Redford disputed McGuinty's comments Monday that a strong oilsands industry means a high Canadian dollar, which hurts Ontario's wellspring manufacturing and export sectors.
"This is a false paradigm," Redford said in a conference call from Chicago, where she is meeting with business leaders.
"We know how the value of the dollar works. It's in relation to an overall national economy. The reason the Canadian dollar is high is partly because the United States has been going through some economic difficulties.
"It's a very simplistic approach."
Redford also said the remarks caught her by surprise because McGuinty had not raised the issue previously.
Earlier Monday, McGuinty rejected calls from Redford for him to do more to publicly defend the oilsands. He said Ontario would prefer a lower dollar over a growing oil and gas industry in Western Canada.
"The only reason the dollar is high, it’s a petro dollar, driven by the global demand for oil and gas to be sourced in Western Canada," McGuinty said.
"If I had my preferences as to whether we have a rapidly growing oil and gas sector in the West or a lower dollar benefiting Ontario, I stand with the lower dollar."
During the weekend, Redford called on Ontario and Quebec to speak out in favour of the oilsands and the Keystone pipeline linking Canada to Texas. She said it's not enough for her to talk about the importance of the resource.
Since becoming Alberta's premier almost five months ago, she has also urged the provinces, territories, and the federal government to work as one to better market natural resources abroad.
Prime Minister Stephen Harper has said he wants more details.
Redford said that despite McGuinty's concerns, she'll continue to pursue the plan.
"(I'm) a little disappointed, but we'll carry on."
She pointed out that McGuinty's remarks clash with a study by the Canadian Energy Research Institute, which says Ontario enjoys the lion's share of oilsands benefits outside Alberta.
The Calgary-based think-tank suggests the oilsands will create $63 billion in economic spinoffs in Ontario and create 65,000 jobs over 25 years. It also points to smaller economic benefits for and thousands of jobs created in British Columbia and Quebec.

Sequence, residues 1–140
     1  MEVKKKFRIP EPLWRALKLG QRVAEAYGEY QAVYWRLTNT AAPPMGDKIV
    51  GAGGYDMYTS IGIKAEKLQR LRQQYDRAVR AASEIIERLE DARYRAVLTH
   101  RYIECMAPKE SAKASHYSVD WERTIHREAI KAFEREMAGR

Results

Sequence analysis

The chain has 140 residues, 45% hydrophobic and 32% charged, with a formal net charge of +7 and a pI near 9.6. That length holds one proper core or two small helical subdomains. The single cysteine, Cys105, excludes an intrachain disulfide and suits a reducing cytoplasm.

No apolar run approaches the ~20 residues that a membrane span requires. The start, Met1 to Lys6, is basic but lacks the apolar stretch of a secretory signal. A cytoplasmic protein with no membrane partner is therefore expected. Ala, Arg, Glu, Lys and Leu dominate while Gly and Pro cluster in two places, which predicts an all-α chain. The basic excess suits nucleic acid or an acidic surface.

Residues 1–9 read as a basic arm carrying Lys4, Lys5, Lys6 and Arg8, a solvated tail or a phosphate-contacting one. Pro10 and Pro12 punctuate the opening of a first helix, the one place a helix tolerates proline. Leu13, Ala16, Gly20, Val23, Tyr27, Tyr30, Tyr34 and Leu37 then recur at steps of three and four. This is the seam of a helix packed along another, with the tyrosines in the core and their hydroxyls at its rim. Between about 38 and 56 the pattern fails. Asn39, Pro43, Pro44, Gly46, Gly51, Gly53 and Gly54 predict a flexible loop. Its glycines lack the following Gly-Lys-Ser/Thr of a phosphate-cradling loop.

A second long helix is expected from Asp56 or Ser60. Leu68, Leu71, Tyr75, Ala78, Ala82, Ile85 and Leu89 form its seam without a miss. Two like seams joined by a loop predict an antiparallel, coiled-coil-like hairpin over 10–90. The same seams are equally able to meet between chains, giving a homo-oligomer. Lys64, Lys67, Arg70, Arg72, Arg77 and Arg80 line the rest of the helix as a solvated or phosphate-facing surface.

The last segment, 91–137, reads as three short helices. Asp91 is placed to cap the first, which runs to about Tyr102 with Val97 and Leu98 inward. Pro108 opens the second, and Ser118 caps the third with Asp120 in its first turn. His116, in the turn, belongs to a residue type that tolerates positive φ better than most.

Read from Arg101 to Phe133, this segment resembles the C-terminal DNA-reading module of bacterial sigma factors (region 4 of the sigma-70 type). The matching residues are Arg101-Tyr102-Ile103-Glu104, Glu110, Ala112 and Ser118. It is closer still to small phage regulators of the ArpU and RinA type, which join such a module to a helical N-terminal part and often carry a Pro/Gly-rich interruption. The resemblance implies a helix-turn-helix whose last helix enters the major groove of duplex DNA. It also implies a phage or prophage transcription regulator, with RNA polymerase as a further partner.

More than 350 Ontario-based companies are suppliers to the oilsands, according to the Canadian Association of Petroleum Producers.
However, any oilsands benefits to Ontario are more than offset by the soaring loonie, which went from 63 cents when his government was first elected in 2003 to hovering around parity with the U.S. dollar, said McGuinty.
"That represents about a 50 per cent increase in the value of the dollar, and that has knocked the wind out of exporters and manufacturing in particular," he said.
"I cannot believe that any success that we might enjoy here in Ontario (from the oilsands) is greater than the detriment that we are experiencing as a result of the high dollar."
Ontario's Progressive Conservatives called the oilsands a "national treasure" and said McGuinty should stop blaming other provinces for the fact his government's spending created a $16-billion deficit.
"We’ve got a jobs crisis in our province, and calling the oilsands an embarrassment as Dalton McGuinty’s government has done is wrong," said Opposition Leader Tim Hudak.
"Let’s support it. Let’s create jobs."
The federal government helps fund the oilsands and energy projects in other provinces such as Newfoundland and Labrador, but won't provide financial help for Ontario's move into wind and solar power, said provincial Energy Minister Chris Bentley.
"It’s long been our observation that federal governments over the years have been quite intent on investing in power projects around the country," said Bentley.
"We have launched a very ambitious move to clean, green energy, but we have not sensed the same financial support from the federal government for many years."
Ontario plans to turn off the last of its coal-fired electrical generating stations in 2014, but the Liberal government has come under fire for promising generous guaranteed returns to wind and solar power producers, especially when demand for electricity is falling.
— With files from Dean Bennett in Edmonton
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